The United States has appointed a special envoy to protect the rights of women, girls and human rights in Afghanistan. On Wednesday, the US Secretary of State announced the name of Rina Amiri as special envoy to Afghanistan. The former female adviser to the US government has been vocal in her opposition to the withdrawal of US troops from Afghanistan.
“We want a peaceful, stable, secure Afghanistan,” Secretary of State Anthony Blinken said in a statement, according to Reuters. Where all Afghans can live in political, economic, social inclusion. Special Envoy Amiri will work closely with me on that goal. “
Rina Amiri has been a government adviser for two decades, working for various think tanks on UN and Afghanistan issues. He has previously served as a senior adviser to the US government on Afghanistan and Pakistan in the administration of former President Barack Obama.
Anthony Blinken also announced the appointment of Stephanie Foster, an experienced State Department official, as his senior adviser on Afghanistan. She will work with women and girls at risk of rescuing, rehabilitating Afghans and taking revenge on the Taliban.
Rina Amiri, an Afghan-born US scholar and mediation expert who served at the State Department under former president Barack Obama, will take the role of special envoy for Afghan women, girls and human rights, Secretary of State Antony Blinken announced on Wednesday.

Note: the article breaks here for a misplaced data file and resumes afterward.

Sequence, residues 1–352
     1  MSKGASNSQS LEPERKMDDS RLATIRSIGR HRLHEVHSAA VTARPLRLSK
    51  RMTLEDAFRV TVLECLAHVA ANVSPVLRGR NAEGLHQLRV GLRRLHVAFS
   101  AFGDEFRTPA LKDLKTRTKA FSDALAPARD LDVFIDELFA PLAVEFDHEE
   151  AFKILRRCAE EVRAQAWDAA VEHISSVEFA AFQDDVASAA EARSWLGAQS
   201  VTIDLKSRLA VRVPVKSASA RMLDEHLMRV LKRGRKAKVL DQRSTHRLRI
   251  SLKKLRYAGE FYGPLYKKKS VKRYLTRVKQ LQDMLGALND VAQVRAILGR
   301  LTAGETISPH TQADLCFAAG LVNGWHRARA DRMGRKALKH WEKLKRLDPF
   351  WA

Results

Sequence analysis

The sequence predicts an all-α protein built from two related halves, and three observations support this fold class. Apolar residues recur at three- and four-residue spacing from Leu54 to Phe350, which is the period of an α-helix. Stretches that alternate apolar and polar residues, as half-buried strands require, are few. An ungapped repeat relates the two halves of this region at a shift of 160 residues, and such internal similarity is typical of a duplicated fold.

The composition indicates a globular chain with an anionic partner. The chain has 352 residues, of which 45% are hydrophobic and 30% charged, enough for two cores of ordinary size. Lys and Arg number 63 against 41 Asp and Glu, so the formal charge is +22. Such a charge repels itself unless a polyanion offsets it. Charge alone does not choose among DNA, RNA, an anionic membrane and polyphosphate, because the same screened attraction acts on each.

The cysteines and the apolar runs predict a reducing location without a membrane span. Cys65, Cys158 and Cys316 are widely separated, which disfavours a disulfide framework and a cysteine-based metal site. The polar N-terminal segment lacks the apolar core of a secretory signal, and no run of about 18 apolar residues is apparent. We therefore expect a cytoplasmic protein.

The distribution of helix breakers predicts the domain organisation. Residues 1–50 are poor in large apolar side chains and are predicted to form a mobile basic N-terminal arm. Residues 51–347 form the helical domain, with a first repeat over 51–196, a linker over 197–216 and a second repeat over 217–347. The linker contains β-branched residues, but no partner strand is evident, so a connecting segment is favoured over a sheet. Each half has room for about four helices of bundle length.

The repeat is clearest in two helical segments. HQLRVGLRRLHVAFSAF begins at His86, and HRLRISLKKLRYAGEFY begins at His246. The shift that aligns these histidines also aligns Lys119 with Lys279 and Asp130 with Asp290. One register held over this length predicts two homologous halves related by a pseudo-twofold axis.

Months after the United States ended its 20-year war in Afghanistan, Mr Blinken said that Ms Amiri will address issues of “critical importance to me” and the rest of President Joe Biden’s administration.
The Taliban imposed an ultra-austere brand of Islam on Afghanistan during their 1996-2001 regime toppled by a US invasion, including banning women from working and girls from education.
Despite Taliban pledges to act differently after their August takeover, many women remain barred from returning to work and girls are largely cut off from secondary schooling.
US troops withdrew from Afghanistan last August after two decades of war. The Taliban returned to power after the Western-backed Ashraf Ghani government was ousted. Since coming to power, the Taliban has imposed a number of restrictions on women and girls. The United States has been critical of it.
Ms Amiri left Afghanistan as a child, with her family settling in California. She became outspoken about Afghans living under Taliban rule, especially women, while still a student as the September 11 attacks prompted the US war.
In a recent essay, Ms Amiri called for “principled yet pragmatic diplomatic engagement” with the Taliban while continuing to hold off diplomatic recognition.